Jurisdiction: United States

LL Surplus Lines Series (Entry 29): Illinois Looks to be Latest State to Streamline Diligent Search Requirements, and to Provide Clarity for Group Policies

On February 26, 2021, a bill was introduced in the Illinois General Assembly that among other ‎changes would eliminate the diligent effort requirement for commercial business sourced by a ‎surplus lines producer through a retail insurance producer and would also reduce the requirement ‎for master policies and program business.‎

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LL Surplus Lines Series (Entry 28): Surplus Lines Compliance Reminder Issued by ‎ELANY, Regarding Group Policies and Use of Binding Authority Agreements

On February 8, 2021, the Excess Line Association of New York (“ELANY”) issued Bulletin No. ‎‎2021-05 reminding surplus line insurers and brokers about some often overlooked compliance ‎requirements. Among the topics was the issuance of group policies and use of binding authority ‎agreements.

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California’s New Mini-CFPB Law Largely Parallels Its Federal Cousin

Atlanta Partner Brian Casey, Co-Chair of Locke Lord’s Regulatory and Transactional Insurance Practice, and Austin Senior Counsel Jon Gillum co-authored an article for Insurance Journal discussing California’s recently adopted amendments to its financial code, resulting in what is now known as the California Consumer Financial Protection Law (CFPL).

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The Myth of the ‘Surplus Lines Agent’

Increasingly, the world of insurance distribution has become highly specialized, utilizing technology and a multitude of parties to reach customers worldwide. The surplus lines industry is no exception. Surplus lines brokers are not merely intermediaries between insureds and eligible surplus lines insurers that may be interested in servicing a specialty insurance market.

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Locke Lord Partners Author 2020 Insurance Year in Review Article for Insurance Journal

Atlanta Partner and Co-Chair of Locke Lord’s Regulatory and Transactional Insurance Practice Brian Casey, Chicago Partner Ben Sykes and New York Partner Zachary Lerner co-authored a two-part article for Insurance Journal discussing the top insurance regulatory developments of 2020, examining a year that brought many changes to the industry.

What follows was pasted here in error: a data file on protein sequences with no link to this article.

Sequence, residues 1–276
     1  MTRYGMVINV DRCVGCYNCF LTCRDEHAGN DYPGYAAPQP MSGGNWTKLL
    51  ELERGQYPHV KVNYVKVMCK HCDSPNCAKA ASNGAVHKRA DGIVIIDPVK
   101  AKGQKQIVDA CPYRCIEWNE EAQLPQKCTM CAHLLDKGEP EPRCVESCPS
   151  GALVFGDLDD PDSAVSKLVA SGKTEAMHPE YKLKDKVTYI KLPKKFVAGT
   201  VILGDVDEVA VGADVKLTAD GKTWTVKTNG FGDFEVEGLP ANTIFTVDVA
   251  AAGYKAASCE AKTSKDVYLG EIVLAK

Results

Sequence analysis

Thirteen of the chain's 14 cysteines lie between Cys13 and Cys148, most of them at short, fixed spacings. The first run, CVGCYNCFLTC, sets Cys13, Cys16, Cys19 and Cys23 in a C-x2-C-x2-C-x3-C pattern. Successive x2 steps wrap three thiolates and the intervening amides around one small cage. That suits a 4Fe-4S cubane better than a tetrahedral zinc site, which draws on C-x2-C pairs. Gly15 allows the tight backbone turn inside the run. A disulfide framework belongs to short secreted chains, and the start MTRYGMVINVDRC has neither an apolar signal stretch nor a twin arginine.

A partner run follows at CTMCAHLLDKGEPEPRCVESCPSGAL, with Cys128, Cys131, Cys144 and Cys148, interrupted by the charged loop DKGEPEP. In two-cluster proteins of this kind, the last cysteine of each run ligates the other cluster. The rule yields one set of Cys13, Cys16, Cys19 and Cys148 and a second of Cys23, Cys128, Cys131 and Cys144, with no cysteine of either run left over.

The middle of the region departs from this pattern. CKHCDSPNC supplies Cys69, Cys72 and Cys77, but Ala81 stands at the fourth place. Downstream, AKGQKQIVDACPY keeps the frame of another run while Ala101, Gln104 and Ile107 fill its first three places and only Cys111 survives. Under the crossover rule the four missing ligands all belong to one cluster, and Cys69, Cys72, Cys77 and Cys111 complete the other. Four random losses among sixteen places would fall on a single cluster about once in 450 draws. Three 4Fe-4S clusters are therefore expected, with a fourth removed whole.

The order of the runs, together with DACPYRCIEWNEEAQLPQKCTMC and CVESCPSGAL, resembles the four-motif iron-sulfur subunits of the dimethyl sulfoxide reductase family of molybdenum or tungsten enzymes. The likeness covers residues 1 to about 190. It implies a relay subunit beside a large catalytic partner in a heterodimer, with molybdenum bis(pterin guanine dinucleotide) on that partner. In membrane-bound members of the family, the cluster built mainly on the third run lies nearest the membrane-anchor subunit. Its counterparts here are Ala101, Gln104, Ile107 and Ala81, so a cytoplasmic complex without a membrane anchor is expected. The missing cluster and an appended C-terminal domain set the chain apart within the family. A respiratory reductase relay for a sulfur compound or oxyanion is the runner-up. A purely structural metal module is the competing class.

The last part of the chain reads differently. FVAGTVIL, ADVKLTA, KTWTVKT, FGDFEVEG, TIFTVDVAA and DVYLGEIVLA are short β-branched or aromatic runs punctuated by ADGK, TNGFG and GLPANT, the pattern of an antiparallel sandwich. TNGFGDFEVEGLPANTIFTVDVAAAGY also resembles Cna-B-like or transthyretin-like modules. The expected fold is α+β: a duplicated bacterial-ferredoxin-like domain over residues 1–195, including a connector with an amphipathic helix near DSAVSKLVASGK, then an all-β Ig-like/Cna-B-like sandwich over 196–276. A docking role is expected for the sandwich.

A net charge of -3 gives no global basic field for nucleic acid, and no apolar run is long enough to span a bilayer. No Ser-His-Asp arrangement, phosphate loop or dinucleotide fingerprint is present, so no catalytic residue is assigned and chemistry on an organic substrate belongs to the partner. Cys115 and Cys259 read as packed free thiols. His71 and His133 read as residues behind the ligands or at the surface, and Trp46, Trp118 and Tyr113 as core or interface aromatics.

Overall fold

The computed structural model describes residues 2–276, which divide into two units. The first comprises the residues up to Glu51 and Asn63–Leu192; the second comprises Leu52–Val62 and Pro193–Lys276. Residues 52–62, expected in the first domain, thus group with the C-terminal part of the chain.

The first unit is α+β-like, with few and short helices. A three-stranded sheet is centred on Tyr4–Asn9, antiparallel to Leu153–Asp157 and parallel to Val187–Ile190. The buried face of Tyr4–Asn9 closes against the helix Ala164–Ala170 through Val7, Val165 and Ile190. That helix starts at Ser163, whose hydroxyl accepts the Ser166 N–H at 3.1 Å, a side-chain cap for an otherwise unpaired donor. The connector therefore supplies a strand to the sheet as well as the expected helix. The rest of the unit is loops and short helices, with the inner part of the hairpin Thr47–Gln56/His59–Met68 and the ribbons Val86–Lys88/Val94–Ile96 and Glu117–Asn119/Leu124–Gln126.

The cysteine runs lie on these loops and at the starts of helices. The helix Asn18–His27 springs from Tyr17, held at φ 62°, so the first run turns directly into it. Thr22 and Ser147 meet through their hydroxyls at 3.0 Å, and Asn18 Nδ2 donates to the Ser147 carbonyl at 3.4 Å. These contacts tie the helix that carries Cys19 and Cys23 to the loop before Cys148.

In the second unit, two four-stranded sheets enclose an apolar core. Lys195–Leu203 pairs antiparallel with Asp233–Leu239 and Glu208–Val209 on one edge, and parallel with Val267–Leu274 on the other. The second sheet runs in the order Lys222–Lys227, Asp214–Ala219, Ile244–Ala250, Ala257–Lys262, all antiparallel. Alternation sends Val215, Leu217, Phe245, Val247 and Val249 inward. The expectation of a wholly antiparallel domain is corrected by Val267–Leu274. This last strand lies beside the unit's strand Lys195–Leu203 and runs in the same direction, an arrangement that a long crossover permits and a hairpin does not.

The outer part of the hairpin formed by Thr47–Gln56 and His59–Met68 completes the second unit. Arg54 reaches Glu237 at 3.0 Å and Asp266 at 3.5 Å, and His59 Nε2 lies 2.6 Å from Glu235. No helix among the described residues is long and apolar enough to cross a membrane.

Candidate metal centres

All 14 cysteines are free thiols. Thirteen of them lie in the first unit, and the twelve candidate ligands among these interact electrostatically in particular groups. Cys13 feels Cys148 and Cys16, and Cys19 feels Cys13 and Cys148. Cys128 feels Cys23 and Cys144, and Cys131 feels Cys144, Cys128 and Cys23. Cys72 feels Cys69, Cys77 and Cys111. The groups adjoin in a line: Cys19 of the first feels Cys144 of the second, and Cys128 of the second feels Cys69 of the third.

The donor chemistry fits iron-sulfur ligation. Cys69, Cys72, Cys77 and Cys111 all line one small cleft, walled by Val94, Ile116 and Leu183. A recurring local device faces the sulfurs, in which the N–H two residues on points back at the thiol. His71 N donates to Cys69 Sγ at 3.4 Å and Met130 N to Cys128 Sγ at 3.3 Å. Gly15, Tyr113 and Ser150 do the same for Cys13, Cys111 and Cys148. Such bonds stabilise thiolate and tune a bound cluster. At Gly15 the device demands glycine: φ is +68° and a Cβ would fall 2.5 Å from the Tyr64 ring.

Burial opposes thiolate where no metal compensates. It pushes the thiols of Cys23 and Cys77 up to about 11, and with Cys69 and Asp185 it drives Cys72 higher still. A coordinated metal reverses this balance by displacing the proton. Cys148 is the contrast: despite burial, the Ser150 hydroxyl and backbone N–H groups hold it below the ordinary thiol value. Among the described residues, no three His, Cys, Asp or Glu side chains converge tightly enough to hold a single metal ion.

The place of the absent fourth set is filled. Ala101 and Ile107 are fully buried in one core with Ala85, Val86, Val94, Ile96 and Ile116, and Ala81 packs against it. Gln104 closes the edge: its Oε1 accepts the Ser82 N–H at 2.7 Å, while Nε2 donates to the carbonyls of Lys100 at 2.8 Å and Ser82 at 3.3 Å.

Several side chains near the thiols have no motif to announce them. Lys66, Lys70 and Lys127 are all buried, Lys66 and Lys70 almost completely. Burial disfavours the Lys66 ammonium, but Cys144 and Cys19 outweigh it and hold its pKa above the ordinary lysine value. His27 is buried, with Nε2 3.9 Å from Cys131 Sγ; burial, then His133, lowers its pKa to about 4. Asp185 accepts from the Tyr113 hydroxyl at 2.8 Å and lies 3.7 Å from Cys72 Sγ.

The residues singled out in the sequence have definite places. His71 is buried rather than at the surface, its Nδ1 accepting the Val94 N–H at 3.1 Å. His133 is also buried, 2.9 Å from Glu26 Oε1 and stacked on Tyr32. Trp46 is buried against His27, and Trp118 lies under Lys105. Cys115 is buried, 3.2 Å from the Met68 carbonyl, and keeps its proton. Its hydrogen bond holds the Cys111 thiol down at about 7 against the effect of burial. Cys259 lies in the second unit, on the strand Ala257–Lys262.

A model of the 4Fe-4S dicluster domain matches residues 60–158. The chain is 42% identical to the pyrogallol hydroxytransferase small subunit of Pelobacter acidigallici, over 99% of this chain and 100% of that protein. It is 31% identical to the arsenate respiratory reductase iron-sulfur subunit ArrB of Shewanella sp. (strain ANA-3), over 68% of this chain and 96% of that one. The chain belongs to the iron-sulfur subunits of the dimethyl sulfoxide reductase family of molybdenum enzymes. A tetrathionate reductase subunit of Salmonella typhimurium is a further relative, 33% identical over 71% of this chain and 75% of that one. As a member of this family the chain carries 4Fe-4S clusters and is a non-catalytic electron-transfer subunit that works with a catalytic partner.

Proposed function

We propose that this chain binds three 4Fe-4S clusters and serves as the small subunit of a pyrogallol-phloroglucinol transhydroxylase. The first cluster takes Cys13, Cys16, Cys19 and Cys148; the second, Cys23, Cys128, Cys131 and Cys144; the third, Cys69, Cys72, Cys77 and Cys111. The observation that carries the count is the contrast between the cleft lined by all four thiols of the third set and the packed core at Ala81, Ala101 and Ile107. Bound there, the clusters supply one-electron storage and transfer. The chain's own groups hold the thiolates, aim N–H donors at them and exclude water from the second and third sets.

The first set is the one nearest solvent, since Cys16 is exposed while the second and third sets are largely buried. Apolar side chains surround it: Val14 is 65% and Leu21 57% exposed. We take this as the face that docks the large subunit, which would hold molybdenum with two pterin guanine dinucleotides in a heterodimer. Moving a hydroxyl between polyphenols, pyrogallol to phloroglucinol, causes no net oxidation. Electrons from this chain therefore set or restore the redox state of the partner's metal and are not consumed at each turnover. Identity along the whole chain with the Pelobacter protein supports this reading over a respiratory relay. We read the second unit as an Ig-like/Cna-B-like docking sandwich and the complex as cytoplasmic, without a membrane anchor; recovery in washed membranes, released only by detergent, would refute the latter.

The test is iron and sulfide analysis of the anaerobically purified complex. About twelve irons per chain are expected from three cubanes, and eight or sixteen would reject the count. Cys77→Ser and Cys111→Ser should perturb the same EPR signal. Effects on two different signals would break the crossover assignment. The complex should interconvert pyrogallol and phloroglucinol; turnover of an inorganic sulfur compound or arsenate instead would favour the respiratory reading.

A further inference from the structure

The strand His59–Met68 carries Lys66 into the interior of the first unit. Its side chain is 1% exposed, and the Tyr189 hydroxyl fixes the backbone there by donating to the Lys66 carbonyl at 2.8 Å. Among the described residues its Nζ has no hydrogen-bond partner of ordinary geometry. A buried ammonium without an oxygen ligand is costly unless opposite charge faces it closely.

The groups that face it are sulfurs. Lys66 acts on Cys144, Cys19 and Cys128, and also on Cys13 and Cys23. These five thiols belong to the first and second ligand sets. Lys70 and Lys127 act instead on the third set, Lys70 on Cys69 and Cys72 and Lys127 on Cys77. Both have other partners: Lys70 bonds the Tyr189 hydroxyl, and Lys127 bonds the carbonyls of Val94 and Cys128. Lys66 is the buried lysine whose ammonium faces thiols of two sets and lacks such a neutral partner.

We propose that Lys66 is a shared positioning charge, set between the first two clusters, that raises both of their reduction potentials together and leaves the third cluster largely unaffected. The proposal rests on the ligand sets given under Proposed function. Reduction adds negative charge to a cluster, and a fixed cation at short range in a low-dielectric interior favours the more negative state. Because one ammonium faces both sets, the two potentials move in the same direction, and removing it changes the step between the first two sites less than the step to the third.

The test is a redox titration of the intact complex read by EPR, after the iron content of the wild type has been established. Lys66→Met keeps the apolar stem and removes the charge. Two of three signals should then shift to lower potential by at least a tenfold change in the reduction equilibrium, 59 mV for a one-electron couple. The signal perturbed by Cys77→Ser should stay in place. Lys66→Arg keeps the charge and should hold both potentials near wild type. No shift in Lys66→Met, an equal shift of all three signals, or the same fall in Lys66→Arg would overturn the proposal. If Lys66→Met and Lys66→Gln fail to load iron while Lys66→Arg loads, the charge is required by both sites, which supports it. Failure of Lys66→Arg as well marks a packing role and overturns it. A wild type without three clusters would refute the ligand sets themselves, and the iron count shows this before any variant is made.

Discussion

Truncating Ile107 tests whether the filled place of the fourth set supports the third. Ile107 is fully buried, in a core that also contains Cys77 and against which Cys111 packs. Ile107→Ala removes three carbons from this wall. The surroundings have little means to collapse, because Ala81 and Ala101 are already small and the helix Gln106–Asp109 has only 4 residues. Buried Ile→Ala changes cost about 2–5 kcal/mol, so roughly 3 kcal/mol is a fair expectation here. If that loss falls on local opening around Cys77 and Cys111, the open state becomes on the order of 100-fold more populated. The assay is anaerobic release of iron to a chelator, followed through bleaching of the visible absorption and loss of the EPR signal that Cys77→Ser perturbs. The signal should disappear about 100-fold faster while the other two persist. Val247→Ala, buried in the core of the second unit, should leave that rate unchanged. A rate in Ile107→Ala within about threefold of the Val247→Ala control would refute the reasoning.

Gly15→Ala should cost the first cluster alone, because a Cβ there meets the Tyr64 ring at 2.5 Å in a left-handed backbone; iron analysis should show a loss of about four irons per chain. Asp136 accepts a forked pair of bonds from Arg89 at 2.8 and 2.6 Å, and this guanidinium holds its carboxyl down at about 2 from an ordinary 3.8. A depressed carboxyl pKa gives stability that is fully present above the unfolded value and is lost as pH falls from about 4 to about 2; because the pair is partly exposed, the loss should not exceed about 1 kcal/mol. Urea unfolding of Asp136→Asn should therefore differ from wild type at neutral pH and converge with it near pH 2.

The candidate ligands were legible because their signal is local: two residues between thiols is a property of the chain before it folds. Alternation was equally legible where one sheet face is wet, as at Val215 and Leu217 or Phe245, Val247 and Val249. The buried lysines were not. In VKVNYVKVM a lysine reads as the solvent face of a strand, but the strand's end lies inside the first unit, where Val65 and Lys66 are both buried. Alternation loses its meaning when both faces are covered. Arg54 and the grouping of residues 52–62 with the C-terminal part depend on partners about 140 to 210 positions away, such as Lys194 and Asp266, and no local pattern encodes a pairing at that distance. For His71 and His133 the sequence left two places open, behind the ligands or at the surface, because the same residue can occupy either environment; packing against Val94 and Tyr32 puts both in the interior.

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New York State’s Legislature Looks to Introduce Covid-19 Related Changes in the Insurance Industry

On January 13, 2021, the New York Assembly introduced Assembly Bill A1937, which nullifies policy provisions denying claims for loss or damage to property based on virus, bacterium or other microorganisms. The bill covers businesses with fewer than 250 employees working at least 25 hours a week and provides that insurers, including excess lines insurers, which indemnify insureds who file claims based on losses due to virus, bacterium or other microorganisms, may apply to the Department of Financial Services for financial relief and reimbursement. The bill further authorizes the Department of Financial Services to collect from insurers, including excess lines insurers, amounts necessary to cover such requests for financial relief and reimbursement.

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A Fortunes Cookie For The U.S. Reinsurance Industry

Much of American law is derivative of British law, and this is particularly true in the realm of reinsurance law.  In the UK, courts distinguish between ‘follow the fortunes clauses’ and ‘follow the settlements clauses’ and attribute different meanings to each, which is often a significant factor in the determining claims and coverage related issues.  Unlike the UK, courts in the US appear not to distinguish between the two clauses, and often refer to them interchangeably, as was the case in Fireman’s Fund Ins. Co. v. OneBeacon Ins. Co., No. 14 CIV. 4718, 2020 WL 6135101 (S.D.N.Y. Oct. 19, 2020).

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The Gig Economy’s Auto Insurance Market and Surplus Lines

Automobile insurance looks very different today than it did a generation ago. The means by ‎which people (and goods) travel via motor vehicles continue to expand and evolve, as do ‎businesses and their automobile insurance needs, especially in the gig economy and now with the ‎current COVID-19 pandemic disruptions. No longer do individuals exclusively rely on ‎traditional car rental companies for their temporary travel needs, as fleet-based services have ‎grown exponentially, allowing for utilization of app-based technology to identify local vehicles ‎for immediate use.‎

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